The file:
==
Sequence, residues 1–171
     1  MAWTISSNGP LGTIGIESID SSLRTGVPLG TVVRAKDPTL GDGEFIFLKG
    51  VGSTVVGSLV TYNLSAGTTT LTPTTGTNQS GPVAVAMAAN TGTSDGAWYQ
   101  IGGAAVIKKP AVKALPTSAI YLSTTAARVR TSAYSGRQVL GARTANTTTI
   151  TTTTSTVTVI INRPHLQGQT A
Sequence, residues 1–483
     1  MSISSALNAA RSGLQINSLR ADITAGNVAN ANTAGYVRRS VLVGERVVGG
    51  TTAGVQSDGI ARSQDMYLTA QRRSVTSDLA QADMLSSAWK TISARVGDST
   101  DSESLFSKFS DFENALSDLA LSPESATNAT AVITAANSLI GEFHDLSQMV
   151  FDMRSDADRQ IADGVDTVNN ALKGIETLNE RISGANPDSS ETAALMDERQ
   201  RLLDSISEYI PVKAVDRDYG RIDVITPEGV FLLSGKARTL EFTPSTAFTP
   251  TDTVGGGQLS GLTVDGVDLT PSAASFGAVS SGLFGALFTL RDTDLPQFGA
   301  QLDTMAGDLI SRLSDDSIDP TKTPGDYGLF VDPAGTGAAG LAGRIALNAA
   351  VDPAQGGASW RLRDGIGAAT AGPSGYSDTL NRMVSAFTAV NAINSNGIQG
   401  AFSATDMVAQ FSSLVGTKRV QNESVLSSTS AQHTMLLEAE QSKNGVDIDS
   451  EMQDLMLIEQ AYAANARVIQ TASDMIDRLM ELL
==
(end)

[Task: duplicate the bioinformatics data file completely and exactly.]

Sequence, residues 1–171
     1  MAWTISSNGP LGTIGIESID SSLRTGVPLG TVVRAKDPTL GDGEFIFLKG
    51  VGSTVVGSLV TYNLSAGTTT LTPTTGTNQS GPVAVAMAAN TGTSDGAWYQ
   101  IGGAAVIKKP AVKALPTSAI YLSTTAARVR TSAYSGRQVL GARTANTTTI
   151  TTTTSTVTVI INRPHLQGQT A
Sequence, residues 1–483
     1  MSISSALNAA RSGLQINSLR ADITAGNVAN ANTAGYVRRS VLVGERVVGG
    51  TTAGVQSDGI ARSQDMYLTA QRRSVTSDLA QADMLSSAWK TISARVGDST
   101  DSESLFSKFS DFENALSDLA LSPESATNAT AVITAANSLI GEFHDLSQMV
   151  FDMRSDADRQ IADGVDTVNN ALKGIETLNE RISGANPDSS ETAALMDERQ
   201  RLLDSISEYI PVKAVDRDYG RIDVITPEGV FLLSGKARTL EFTPSTAFTP
   251  TDTVGGGQLS GLTVDGVDLT PSAASFGAVS SGLFGALFTL RDTDLPQFGA
   301  QLDTMAGDLI SRLSDDSIDP TKTPGDYGLF VDPAGTGAAG LAGRIALNAA
   351  VDPAQGGASW RLRDGIGAAT AGPSGYSDTL NRMVSAFTAV NAINSNGIQG
   401  AFSATDMVAQ FSSLVGTKRV QNESVLSSTS AQHTMLLEAE QSKNGVDIDS
   451  EMQDLMLIEQ AYAANARVIQ TASDMIDRLM ELL